Twinkstarr

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I just checked this out and it would be $516 for the four of us. Do you think it's worth it? For me, the food is not a big draw but if they would show me something I couldn't see on my own (like whales!), I could see spending the money.

$170 to see the lava flow is steep but I could never see that anywhere but Hawaii and by boat is probably the only way to get up close to it.

We will definitely do Pearl Harbor. I am sure we will do a luau in one of the islands so the kids can see what it's about. Unfortunately, we are not staying anywhere near the national park so we have to do a one day marathon to see that. Since we definitely will not go in a helicopter (fear of flying:eek: ), I am leaning towards a boat trip to see the lava flow.


I don't think we paid $516 for the Fairwinds tour. We were there in summer so no whales(saw those this September in Bar Harbor ME) and it is just a half day snorkle trip.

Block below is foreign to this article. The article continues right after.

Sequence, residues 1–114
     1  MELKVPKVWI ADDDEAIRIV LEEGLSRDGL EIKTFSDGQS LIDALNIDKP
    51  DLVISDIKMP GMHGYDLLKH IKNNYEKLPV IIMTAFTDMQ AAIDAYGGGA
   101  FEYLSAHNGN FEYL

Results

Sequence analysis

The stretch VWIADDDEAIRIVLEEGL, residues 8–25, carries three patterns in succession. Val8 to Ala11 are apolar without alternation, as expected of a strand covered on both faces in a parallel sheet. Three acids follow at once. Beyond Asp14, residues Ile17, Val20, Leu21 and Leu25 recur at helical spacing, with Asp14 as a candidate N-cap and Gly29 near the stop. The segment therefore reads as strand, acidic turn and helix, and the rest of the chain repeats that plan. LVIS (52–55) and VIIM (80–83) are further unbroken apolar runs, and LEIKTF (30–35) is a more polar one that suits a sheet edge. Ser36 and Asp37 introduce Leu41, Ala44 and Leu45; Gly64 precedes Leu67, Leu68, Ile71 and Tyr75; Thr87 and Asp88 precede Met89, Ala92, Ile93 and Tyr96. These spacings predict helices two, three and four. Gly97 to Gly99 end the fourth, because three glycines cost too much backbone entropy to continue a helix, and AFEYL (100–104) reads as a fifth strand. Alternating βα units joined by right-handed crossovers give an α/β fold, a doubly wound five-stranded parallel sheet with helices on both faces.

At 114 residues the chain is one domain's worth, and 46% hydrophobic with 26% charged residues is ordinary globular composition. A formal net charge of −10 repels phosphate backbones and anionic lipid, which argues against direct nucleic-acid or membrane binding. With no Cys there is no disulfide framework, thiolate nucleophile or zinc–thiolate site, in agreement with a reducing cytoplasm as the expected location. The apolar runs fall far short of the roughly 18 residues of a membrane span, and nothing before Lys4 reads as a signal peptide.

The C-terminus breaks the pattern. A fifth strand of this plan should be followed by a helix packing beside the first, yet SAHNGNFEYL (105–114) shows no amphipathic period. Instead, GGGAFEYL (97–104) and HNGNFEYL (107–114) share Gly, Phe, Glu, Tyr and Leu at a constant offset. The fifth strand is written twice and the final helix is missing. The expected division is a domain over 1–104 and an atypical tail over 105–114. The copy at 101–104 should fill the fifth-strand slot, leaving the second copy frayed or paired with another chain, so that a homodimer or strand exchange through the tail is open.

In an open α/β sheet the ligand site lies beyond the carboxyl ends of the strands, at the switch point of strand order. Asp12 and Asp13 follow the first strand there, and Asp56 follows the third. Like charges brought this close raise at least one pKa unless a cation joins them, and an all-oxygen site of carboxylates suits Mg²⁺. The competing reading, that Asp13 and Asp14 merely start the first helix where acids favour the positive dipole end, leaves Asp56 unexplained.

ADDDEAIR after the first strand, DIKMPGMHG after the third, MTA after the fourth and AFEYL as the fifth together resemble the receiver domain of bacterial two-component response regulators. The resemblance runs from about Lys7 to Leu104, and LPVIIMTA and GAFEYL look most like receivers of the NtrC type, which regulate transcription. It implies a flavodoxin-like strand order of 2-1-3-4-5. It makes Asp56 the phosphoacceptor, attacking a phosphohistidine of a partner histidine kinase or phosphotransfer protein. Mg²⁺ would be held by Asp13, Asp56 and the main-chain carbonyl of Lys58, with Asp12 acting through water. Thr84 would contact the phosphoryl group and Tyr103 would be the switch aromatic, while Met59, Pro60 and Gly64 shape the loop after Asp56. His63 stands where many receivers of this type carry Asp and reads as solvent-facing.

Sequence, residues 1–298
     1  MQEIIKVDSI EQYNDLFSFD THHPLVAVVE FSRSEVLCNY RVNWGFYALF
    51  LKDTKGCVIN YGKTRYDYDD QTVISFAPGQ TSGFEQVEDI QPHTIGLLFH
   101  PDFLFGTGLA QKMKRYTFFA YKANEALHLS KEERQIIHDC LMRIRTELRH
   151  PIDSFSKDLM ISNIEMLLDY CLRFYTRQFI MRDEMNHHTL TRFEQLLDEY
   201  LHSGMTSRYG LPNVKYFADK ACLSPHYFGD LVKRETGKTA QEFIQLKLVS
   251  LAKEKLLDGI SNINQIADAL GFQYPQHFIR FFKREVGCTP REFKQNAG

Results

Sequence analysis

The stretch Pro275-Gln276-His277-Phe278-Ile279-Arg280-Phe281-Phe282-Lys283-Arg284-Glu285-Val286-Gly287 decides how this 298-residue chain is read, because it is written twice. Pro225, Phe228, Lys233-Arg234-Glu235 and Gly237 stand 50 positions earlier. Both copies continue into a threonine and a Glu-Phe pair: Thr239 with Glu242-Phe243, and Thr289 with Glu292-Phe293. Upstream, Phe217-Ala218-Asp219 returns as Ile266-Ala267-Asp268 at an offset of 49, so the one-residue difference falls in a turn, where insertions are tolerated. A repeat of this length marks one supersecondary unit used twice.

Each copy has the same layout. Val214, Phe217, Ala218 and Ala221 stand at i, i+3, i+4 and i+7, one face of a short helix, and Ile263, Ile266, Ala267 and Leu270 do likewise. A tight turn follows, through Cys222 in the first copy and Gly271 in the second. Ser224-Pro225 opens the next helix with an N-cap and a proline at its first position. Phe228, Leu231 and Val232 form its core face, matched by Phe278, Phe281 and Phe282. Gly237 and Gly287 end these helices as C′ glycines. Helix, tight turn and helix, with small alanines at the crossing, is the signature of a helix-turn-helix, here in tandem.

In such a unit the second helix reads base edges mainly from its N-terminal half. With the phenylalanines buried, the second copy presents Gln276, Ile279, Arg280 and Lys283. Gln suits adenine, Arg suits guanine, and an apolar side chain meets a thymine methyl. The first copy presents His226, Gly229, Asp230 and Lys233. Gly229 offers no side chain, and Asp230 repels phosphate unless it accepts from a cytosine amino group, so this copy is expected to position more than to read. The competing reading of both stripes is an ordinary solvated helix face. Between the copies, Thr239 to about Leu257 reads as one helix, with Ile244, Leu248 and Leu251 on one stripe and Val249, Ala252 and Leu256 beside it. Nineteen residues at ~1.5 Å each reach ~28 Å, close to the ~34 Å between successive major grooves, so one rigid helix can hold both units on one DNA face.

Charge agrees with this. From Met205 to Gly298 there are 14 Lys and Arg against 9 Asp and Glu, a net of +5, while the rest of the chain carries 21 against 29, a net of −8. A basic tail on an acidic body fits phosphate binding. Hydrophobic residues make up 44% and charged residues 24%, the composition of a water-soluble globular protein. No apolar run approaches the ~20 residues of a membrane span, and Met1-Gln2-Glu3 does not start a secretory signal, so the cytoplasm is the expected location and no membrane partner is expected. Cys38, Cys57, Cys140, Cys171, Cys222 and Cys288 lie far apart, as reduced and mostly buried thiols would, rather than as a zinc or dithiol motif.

We stayed at the Wyndham Kona Hawaiian, and went to Volcano Nat Park. Packed a lunch and made a day of it. It wasn't bad at all and I had a two boys in the car, though I lugged windbreakers all the way from OH for this day and DH left them in the villa!:wall:
 

PamMo

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The best tour I've EVER been on was a "doors off" helicopter flight over the lava fields on the Big Island. It was simply awe inspiring to see (and feel) the landscape being altered by flowing, bubbling rivers of hot molten lava streaming out of vents on the volcano. Boat tours and other helicopter tours around the islands were all great, but seeing the earth being born was something truly special.